This is a very special year in sports betting history: it’s the 40th anniversary of the first March Madness bracket. According to the Smithsonian Institute, it’s believed the first NCAA Men’s Basketball Tournament pool was held in 1977 at the Jody's Club Forest bar in Staten Island, New York, where 88 people chipped in $10 apiece to fill out their brackets. Forty years later, college basketball fans are expected to wager over $9 billion on the Big Dance.

Office pools will take up a large portion of those billions. The pool concept dates back to 1864, when Catalan-French bookmaker Joseph Oller invented the compteur totalisateur, aka the Totalisator. This device allowed Oller to take and record what he called “Pari Mutuel” bets for horse racing. The Totalisator worked so well, France legalized pari-mutuel betting in 1891 and banned fixed-odds betting.
 

Pool Party

Oller did quite well for himself; he would go on to co-found the Moulin Rouge cabaret in 1889 and open the Paris Olympia music hall in 1893. Meanwhile, pari-mutuel betting and horse racing started taking over the landscape – getting an extra push in the early 20th Century when English-Australian inventor George Alfred Julius created the first fully mechanical “tote” board.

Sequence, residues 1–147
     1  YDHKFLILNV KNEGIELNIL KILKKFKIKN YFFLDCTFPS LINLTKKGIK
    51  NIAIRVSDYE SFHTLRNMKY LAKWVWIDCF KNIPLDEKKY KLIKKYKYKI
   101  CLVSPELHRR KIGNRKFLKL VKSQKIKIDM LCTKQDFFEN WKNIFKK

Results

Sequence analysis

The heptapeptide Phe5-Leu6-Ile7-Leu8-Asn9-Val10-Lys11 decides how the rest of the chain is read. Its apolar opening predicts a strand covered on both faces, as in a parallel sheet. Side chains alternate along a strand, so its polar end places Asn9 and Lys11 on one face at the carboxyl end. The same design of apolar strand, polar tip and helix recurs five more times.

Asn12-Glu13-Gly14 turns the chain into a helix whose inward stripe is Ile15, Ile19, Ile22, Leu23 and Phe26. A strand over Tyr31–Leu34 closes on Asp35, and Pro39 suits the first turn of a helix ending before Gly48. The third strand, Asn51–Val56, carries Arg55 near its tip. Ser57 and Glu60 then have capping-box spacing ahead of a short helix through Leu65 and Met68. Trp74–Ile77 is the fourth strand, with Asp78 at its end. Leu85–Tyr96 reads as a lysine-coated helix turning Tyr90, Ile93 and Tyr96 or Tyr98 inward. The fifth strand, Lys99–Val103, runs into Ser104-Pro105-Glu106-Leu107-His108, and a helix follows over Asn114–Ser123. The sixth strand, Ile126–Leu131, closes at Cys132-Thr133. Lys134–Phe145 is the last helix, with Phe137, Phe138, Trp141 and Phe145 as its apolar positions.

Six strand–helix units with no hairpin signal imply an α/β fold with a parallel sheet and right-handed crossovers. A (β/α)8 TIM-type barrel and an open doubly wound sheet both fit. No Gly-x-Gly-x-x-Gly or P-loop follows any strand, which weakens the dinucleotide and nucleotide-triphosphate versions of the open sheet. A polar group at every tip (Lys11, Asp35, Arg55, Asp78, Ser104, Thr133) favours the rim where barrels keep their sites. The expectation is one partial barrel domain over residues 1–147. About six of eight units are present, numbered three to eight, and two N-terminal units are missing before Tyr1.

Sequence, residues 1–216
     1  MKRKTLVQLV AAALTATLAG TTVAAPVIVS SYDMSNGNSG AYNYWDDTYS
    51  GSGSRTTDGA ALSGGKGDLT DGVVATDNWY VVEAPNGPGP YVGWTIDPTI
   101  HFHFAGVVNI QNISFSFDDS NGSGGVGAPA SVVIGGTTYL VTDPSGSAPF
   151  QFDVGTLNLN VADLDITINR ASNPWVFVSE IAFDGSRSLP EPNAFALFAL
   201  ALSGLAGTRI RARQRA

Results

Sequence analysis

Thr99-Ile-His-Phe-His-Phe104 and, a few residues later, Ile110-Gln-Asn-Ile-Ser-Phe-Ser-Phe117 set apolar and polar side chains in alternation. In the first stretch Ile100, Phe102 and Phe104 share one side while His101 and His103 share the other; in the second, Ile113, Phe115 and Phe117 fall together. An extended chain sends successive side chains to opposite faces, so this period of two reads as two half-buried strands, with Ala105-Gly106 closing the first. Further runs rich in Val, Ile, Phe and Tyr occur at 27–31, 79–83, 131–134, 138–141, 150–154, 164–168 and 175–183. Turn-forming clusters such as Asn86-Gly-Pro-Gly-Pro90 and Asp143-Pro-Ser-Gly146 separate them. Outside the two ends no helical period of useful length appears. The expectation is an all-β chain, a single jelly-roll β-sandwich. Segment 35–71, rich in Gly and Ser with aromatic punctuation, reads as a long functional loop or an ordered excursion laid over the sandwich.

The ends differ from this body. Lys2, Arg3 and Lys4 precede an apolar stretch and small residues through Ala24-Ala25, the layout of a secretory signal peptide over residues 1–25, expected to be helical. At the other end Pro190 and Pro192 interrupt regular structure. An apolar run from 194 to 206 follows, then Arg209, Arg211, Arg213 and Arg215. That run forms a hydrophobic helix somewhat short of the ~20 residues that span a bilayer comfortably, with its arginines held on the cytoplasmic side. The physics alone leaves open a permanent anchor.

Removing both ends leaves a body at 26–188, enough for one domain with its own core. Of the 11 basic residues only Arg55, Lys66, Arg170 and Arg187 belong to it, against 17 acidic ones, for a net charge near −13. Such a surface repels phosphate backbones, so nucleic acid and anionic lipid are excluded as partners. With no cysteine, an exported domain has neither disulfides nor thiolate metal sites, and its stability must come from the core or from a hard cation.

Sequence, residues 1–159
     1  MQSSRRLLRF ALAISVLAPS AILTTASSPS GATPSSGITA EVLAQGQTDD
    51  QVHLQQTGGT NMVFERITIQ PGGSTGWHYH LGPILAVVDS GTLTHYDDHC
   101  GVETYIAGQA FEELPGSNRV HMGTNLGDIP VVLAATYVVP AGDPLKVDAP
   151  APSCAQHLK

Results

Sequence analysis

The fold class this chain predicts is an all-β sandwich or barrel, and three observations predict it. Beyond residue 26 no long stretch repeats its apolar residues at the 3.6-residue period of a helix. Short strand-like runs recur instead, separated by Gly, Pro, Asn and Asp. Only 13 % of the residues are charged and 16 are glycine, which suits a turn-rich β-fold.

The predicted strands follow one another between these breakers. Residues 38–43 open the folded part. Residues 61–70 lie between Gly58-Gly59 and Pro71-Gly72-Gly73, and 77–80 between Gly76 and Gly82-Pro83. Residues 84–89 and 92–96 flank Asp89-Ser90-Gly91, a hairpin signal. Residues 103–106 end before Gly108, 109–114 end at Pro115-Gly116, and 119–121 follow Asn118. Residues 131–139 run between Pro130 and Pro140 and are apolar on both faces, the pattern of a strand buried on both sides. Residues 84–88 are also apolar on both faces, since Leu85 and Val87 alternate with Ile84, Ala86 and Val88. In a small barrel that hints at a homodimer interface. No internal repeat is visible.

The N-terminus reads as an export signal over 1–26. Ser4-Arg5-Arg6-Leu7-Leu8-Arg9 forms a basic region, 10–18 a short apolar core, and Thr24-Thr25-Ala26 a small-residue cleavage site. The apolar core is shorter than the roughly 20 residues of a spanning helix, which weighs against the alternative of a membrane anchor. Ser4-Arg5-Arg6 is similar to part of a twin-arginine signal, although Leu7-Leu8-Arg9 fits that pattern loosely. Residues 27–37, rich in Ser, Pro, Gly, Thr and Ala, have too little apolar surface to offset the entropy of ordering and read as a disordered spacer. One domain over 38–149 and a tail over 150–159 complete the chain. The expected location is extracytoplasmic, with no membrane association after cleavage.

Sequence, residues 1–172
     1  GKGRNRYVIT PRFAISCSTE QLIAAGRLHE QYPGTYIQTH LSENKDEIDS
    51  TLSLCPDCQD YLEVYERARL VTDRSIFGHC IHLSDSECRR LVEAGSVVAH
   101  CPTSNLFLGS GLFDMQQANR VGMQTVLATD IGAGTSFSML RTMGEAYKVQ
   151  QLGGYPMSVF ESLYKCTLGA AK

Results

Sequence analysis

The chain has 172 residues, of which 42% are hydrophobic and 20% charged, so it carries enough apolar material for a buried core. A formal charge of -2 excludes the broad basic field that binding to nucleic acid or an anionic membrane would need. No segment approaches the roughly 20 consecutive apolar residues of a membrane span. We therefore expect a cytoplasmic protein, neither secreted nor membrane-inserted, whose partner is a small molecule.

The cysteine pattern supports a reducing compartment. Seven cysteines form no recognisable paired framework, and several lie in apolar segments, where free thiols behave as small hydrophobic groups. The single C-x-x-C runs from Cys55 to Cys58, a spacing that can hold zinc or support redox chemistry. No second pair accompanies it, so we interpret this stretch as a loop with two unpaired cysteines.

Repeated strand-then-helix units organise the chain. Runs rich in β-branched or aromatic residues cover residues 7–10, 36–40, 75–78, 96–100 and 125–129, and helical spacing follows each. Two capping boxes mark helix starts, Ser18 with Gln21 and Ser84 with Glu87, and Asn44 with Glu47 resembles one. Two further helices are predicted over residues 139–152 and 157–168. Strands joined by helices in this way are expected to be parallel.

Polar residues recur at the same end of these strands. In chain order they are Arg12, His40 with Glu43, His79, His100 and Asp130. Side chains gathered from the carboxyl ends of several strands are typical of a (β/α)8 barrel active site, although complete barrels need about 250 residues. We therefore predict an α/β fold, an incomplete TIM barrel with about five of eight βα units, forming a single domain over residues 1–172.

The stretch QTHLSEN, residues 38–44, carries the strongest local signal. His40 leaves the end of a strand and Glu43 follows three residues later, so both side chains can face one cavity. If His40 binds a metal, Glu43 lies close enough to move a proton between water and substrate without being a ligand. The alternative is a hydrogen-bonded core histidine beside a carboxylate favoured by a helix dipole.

It wasn’t just horse racing, either. Pool betting found its way into other sports as early as 1923, when John Moores started Littlewoods Pools in Liverpool, England. One of Moores’ associates, John Jervis Barnard, came up with the idea of a “football pool,” and while business was slow at first, by 1932, Moores was a millionaire. He became director of Everton Football Club in 1960.
 

Bear Market

It took a while longer for pool betting to impact college basketball. The NCAA Tournament went through some growing pains in the 1950s, then John Wooden’s UCLA Bruins so thoroughly dominated the late ‘60s and early ‘70s, it took the sport out of predicting who would win. It wasn’t until Wooden retired in 1975, and the Tournament expanded to 32 teams, that people became truly invested in filling out their March Madness brackets.

Technology took over from there. Copy machines and cable television had as much to do with the spread of March Madness as the events on the court themselves – although the Magic Johnson-Larry Bird rivalry from 1979 and the expansion of the Tournament to 64 teams in 1985 were landmark moments. But then a little thing called the internet came along, and now we’ve got all the college basketball we want at our finger tips. We can download brackets and bet on March Madness anytime, almost anywhere.

Yes, even at Jody’s Club Forest. They had to cancel their March Madness pool in 2007 after it became too popular and the IRS stepped in – so everyone took off to Dannyboy’s Tavern instead. But thanks to the internet, as long as you’ve got a device and the Wi-Fi is working, there’s an NCAA bracket waiting for you at the watering hole of your choice.